9/13/2020 We woke up at the Days Inn in Merced and checked out then went across the road, gassed up the car and went to McDonald's for breakfast which we took down to the Amtrak station. We then discovered they did not give us any forks, spoons or knives which meant I had to eat my hot cakes dry and Elizabeth could not eat her oatmeal.
The Merced Santa Fe station. I saw a headlight down the railroad and called Elizabeth over for her first shot of a BNSF train in Merced.
BNSF 7885 East blasted through Merced. I remembered another MacDonald's on Olive Drive so we went there and Elizabeth went in and got a spoon. I then drove us up US 140 to El Portal where I finally got to see the railroad display there.Yosemite Valley Railroad History
The Yosemite Valley Railroad (YVRR) was a short-line railroad operating from 1907 to 1945 in the state of California, mostly following the Merced River from Merced to Yosemite National Park, carrying a mixture of passenger and freight traffic. Contrary to the name of the railroad, rail service did not extend to Yosemite Valley itself, but rather ended at the park boundary as the construction of railroad is prohibited in the National Parks. Passengers would disembark at the park boundary in El Portal, CA and take a stage coach, and starting in 1913 a motor coach, to Yosemite Valley itself. With closure of the Yosemite Sugar Pine Lumber Company in 1942 and the sale of the Yosemite Portland Cement Company to the Henry J. Kaiser Company and subsequent suspension of all operations in 1944 led to a loss of most of the freight track on the railroad. This in addition to the increased competition for passengers from use along the Yosemite All-Year Highway (now designated as California State Route 140), both commercial and private, and the substantial decrease of recreational passenger traffic because of World War II led to the downfall of the railroad. The railroad asked the Interstate Commerce Commission for permission to abandon operations on October 25, 1944. The last regularly scheduled train ran on August 24, 1945. The railroad was incorporated on December 18, 1902, by John S. Drum, William B. Bosley, Sydney M, Ehrman, Thomas Turner, and Joseph D. Smith in the city of San Francisco. It was a standard-gauge railway that stretched about 30 miles from Merced to the mouth of Merced Canyon, connecting the towns of Snelling, Merced Falls, Exchequer and Bagby, and a further 50 miles to El Portal, CA. Aside from passengers and mining products, the railroad also carried lumber (from the Yosemite or Sugar Pine lumber companies) to Merced Falls, to be cut at a group of sawmills at a cataract on the Merced River. In 1926, the construction of Exchequer Dam flooded part of the railroad under Lake McClure, but the railway was rerouted around the reservoir afterwards. In the mid-1940s floods and landslides damaged nearly 30 miles of the railway in Merced Canyon. Sections of the re-routed railbed were again put under water when Exchequer Dam was expanded in the 1960s. Several tunnels for the railroad still remain under Lake McClure, and are visible when the water level drops during drought periods. A few other tunnels in Merced Canyon are now used for road traffic. Among many notable passengers, the YVRR carried two presidents: William Howard Taft in October, 1909 and Franklin Roosevelt on July 15, 1938. Thank you Wikipedia.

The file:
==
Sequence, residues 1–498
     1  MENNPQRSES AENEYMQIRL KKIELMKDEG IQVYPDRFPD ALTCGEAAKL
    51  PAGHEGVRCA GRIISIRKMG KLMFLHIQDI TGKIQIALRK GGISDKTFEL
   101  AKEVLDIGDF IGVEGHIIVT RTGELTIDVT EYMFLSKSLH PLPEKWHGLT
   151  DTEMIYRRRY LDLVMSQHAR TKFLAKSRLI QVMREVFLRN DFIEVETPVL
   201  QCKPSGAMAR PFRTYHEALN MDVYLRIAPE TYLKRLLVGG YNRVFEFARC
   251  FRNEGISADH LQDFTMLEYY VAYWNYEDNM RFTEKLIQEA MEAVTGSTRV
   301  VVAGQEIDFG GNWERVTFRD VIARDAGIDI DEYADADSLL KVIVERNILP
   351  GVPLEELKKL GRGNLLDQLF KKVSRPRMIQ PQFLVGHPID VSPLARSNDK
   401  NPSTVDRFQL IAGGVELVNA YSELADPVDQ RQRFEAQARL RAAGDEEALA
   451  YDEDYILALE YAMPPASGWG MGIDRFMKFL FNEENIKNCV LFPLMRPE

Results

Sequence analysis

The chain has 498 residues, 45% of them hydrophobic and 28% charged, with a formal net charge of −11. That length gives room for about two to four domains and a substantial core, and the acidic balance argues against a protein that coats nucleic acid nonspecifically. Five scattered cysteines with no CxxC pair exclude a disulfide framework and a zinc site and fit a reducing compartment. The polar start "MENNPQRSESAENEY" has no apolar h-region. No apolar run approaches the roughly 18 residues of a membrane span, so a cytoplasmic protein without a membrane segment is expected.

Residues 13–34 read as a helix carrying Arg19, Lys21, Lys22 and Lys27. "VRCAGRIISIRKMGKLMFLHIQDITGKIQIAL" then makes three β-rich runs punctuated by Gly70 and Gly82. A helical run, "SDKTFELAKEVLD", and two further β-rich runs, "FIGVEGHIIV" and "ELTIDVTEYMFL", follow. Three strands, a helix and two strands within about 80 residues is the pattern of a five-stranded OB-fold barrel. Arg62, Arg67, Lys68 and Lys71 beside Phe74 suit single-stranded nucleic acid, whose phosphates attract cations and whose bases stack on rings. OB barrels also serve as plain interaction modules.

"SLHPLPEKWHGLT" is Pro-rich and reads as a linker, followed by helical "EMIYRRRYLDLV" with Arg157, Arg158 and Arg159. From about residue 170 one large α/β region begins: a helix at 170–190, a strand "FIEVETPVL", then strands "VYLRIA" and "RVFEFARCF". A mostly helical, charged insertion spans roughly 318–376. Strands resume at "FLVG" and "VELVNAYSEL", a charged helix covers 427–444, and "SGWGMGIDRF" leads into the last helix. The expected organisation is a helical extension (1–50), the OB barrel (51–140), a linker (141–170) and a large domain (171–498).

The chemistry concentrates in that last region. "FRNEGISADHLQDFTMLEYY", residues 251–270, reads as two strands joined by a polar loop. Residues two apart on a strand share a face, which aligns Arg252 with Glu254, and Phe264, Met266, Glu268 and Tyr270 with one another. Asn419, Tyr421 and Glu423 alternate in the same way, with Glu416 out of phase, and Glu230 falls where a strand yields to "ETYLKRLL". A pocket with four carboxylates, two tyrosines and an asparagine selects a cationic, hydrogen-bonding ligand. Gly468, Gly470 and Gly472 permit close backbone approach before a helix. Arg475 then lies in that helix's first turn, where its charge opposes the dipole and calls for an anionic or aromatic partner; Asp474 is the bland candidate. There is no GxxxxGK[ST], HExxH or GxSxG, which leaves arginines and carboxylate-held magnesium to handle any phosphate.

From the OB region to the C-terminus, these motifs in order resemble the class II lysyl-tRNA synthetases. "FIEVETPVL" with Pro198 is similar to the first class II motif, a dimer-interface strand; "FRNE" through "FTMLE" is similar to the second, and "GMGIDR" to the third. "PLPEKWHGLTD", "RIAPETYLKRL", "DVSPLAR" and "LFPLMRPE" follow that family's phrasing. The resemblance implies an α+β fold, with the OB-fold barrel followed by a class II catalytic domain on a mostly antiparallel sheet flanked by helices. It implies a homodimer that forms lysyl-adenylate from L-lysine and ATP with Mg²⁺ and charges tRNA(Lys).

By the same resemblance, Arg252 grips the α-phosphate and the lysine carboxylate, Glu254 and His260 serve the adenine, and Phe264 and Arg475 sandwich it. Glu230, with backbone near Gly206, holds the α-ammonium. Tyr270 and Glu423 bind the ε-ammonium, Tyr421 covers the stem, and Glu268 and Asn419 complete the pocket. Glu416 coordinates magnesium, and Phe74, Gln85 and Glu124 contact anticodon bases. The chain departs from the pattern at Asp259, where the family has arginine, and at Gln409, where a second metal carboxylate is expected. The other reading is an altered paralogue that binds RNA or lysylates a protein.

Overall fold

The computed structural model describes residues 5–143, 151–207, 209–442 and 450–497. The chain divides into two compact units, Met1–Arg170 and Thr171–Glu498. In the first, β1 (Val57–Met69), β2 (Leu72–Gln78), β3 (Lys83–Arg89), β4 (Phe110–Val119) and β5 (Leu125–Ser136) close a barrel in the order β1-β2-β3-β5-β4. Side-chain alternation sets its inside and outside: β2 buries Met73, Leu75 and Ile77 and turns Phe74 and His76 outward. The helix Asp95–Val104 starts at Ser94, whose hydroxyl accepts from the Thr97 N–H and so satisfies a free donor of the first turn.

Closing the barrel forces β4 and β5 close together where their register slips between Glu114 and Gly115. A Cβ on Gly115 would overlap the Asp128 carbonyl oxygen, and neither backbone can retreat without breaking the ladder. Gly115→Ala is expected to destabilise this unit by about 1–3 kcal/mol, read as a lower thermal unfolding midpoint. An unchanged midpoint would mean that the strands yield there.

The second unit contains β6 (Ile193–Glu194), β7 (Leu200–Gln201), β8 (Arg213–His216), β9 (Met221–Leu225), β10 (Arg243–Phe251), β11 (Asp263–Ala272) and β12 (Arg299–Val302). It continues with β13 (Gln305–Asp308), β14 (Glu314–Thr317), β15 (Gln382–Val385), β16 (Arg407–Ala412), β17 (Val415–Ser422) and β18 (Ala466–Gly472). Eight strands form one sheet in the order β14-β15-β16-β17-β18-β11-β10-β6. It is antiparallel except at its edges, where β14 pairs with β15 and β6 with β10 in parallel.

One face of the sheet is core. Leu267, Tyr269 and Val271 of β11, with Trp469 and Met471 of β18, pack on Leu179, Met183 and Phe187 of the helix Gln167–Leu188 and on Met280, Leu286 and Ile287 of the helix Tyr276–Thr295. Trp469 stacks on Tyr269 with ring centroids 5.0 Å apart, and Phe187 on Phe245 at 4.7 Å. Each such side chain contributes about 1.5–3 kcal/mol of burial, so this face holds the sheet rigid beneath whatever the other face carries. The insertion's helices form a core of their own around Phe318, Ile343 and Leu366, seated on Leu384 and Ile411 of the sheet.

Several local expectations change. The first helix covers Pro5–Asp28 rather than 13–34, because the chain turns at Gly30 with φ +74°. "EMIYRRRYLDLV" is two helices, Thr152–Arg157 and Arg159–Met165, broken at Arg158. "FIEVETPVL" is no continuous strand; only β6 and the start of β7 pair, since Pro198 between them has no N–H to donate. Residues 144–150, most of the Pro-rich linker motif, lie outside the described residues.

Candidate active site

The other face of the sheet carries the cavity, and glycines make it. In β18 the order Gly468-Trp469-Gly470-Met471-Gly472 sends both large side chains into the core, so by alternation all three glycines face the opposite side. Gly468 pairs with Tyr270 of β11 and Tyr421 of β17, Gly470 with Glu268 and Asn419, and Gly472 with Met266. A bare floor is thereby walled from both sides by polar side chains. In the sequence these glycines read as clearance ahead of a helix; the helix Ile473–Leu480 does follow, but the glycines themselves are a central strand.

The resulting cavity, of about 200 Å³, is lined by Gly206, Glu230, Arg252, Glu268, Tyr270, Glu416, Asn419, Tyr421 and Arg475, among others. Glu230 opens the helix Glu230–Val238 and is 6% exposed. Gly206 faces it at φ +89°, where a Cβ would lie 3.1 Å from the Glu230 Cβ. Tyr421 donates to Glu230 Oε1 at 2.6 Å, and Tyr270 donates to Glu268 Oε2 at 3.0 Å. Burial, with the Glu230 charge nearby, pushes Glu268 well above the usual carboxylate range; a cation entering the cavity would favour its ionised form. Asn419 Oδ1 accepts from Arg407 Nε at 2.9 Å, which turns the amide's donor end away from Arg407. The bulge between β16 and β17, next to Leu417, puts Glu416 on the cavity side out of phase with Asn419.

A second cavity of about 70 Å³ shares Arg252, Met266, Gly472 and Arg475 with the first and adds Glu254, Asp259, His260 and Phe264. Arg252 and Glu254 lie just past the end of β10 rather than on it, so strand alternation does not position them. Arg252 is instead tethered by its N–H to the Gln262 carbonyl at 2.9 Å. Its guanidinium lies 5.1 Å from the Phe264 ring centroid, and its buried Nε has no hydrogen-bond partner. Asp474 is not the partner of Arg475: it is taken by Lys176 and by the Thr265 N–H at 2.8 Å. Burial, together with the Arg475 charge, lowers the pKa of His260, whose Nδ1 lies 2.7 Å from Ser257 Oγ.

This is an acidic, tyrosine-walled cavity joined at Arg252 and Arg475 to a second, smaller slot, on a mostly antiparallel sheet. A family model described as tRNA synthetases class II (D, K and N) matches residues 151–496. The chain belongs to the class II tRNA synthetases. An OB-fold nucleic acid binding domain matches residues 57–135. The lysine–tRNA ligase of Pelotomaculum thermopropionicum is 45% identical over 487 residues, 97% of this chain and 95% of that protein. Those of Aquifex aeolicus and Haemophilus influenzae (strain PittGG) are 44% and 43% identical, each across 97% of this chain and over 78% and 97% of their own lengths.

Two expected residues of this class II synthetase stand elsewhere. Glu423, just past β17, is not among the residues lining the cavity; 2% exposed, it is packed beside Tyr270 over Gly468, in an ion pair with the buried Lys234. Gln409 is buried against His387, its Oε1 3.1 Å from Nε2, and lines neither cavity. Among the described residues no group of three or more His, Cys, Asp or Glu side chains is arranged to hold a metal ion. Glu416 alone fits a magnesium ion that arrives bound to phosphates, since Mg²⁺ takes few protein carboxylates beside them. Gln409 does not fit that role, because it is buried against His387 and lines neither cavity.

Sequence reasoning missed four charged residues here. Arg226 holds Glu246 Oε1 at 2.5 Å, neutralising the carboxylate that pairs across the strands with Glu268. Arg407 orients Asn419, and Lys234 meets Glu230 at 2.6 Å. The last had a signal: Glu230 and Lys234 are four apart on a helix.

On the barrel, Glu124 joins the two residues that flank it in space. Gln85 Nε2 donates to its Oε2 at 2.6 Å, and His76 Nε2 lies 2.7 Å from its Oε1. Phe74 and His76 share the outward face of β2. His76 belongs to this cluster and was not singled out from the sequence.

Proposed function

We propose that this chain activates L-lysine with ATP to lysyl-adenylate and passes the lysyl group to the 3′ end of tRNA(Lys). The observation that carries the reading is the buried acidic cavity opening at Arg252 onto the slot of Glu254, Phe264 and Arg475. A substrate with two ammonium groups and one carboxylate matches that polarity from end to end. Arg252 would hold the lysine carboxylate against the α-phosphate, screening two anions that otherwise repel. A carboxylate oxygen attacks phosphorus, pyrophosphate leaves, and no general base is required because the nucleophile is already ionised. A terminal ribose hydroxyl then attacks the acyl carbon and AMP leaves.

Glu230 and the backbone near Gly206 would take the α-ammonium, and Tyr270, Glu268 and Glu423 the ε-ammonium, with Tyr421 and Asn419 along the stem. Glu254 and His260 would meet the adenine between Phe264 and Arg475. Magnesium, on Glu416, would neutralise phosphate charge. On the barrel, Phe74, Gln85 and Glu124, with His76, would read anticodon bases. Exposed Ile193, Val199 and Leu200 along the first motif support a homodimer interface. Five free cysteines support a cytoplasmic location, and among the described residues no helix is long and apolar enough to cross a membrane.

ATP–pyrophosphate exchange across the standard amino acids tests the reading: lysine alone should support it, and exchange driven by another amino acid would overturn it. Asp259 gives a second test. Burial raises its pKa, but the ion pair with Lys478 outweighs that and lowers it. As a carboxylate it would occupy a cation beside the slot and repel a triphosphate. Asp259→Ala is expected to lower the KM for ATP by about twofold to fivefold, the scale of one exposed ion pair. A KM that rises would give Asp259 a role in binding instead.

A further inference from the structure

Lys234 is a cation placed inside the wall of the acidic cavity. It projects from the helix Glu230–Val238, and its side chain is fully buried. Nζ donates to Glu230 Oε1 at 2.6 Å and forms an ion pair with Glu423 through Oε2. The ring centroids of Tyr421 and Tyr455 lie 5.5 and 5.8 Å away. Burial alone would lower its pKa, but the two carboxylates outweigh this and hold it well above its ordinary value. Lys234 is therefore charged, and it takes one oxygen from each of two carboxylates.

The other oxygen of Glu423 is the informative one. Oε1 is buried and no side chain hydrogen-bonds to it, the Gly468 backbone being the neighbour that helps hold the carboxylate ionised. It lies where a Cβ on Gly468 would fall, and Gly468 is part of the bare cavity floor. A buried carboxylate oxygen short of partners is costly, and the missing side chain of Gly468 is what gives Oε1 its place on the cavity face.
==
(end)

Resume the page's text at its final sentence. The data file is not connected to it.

A map of the Yosemite Valley Railroad from memorableplaces.com.
Railroad display in El Portal.
A first for both of us - a two-tank water tower.
Hetch Hetchey Shay 6.
Yosemite Railroad Bagby Depot.
Yosemite Valley caboose 15.
The Armstrong turntable at El Portal.
Baggage cart and a derail sign.